5. In the past most of us had a one-department / one-boss relationship, the organizations were hierarchical and clear Manager employees Relationship has been defined. The world is moving towards now Matrix works – You have to work with many departments and work with many others that will directly or indirectly affect your career. Finally, you may report to more than one manager.
  6. Informal leadership is here to stay; This means that sometimes you have to lead a team when you are not the hierarchical leader. So the skills you need for your corporate career will be slightly different from those of successful leaders of the past. You need to be willing to perform even without formal appointment.
  7. Access to information has always been a key to success in the past; the person who knew a lot or had access to information was king. However, in today’s world, information is easily available in abundance, so owning information is no longer a key to success. It’s about how you can turn that information into meaningful stories – that makes all the difference and makes you stand out. Yes, storytelling will be a thing of the future.
  8. Businesses are moving from transactional relationships to purpose-oriented relationships. For the new generation of workers, it’s no longer just about work. People are looking for a holistic life; Finding meaning and balance. It’s not about selling your time for a salary to miss the rest of life. Most people agree that the world should give priority to the compatibility of life and work, profit with meaning. Most are looking for a deeper meaning in their work.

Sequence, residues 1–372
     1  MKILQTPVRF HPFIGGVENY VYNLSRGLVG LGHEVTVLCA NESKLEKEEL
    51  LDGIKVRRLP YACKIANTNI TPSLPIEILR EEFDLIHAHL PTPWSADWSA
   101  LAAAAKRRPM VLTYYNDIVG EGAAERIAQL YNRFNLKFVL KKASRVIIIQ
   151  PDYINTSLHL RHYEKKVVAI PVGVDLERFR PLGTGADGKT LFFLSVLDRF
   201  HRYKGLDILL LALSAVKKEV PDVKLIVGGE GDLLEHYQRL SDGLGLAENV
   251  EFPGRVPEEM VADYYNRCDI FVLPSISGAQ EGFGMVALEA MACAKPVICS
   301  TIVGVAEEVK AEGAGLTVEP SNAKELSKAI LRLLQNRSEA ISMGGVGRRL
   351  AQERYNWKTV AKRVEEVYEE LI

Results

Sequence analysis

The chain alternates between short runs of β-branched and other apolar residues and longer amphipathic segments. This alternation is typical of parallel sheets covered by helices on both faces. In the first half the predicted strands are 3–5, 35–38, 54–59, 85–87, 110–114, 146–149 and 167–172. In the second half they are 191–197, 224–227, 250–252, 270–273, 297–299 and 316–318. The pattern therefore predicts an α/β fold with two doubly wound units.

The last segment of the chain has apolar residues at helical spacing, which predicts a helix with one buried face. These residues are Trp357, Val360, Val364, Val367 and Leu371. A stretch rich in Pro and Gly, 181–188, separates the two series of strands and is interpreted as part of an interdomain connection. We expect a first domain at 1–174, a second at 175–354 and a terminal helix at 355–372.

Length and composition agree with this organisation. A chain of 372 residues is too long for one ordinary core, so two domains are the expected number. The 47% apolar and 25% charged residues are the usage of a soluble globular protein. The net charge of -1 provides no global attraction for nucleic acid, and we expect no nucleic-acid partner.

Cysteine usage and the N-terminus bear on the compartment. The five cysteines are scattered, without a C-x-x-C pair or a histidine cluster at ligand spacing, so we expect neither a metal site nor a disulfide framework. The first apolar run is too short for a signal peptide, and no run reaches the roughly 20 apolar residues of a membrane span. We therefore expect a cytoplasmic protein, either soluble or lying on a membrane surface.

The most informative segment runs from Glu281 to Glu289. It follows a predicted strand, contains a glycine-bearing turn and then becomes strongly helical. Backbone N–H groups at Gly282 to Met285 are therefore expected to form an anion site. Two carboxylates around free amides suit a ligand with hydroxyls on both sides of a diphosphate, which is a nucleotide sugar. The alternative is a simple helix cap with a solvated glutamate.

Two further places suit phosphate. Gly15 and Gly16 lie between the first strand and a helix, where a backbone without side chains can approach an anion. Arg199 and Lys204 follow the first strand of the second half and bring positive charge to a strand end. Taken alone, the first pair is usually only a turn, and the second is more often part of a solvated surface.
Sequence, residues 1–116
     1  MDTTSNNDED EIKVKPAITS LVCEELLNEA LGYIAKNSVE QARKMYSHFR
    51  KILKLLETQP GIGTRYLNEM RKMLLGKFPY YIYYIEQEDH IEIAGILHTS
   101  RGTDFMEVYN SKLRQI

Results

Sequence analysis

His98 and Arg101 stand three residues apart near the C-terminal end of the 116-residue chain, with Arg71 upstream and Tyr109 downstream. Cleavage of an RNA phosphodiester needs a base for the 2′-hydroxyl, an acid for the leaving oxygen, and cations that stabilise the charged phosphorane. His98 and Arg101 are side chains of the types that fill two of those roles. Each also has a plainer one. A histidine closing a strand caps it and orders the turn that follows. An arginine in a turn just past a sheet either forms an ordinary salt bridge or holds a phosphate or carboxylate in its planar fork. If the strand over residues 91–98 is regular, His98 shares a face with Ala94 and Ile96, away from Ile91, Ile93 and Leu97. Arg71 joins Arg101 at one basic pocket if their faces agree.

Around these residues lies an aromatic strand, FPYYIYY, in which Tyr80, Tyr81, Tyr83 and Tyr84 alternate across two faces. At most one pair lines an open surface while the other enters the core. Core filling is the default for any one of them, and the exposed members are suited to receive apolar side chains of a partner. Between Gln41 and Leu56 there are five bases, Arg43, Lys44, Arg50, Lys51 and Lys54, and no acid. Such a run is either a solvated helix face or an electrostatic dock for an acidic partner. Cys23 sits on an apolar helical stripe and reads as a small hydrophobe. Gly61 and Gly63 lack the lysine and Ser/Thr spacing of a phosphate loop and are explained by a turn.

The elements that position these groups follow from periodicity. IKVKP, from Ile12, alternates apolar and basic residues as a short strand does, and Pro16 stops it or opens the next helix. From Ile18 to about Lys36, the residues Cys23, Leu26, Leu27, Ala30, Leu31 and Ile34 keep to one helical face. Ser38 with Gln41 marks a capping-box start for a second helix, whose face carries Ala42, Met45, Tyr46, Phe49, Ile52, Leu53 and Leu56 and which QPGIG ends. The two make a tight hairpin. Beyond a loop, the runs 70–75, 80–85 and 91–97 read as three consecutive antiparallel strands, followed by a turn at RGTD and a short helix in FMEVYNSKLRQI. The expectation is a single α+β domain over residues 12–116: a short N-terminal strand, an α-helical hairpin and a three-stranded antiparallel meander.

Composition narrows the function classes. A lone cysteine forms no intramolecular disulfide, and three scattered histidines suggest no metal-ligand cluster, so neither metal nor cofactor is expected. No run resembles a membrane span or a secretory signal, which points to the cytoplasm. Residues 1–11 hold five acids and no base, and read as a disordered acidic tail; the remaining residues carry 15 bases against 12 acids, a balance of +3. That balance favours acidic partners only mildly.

9. Technology will dominate our lives. You can come from any area of ​​life, your relationship with technology is here to last. So it’s better to be an early adopter than a lagger. With technology evolving and the work environment changing: Continuous learning. You have to constantly unlearn, learn and relearn. This makes you a permanent student in this corporate world. So if you think your days of education or learning are over … I’m afraid it’s just another start.
  10. While networking always helps, the need continues to evolve. It’s not just about how much you know it’s also about that who You know. With a detached working method and matrix organization, networking will be a key to success. However, you should know how and with whom to network as it can take more time and energy than you might think.

I just pointed out 10 of the changes that will affect you as you transition into the corporate world. There are other changes. With that in mind, in this series of articles we’re going to talk about how we can better navigate early in our careers … from campus to company.

In the next column we will talk about how you can prepare for the corporate world…. even before you even start your job. That means how to prepare during the time you have the job offer and also a few weeks / months before the day of entry.

See you later!

Partha Sarathi Basu has worked in management positions at Coca-Cola, Whirlpool, IFB Group, Tata Group, Spicejet and AkzoNobel. In addition to his work as a management coach, he is currently working for a leading consulting company. He is the author of five books based on his business and life experiences. The inveterate Calcuttan now lives in Amsterdam.

Last updated on January 9, 2022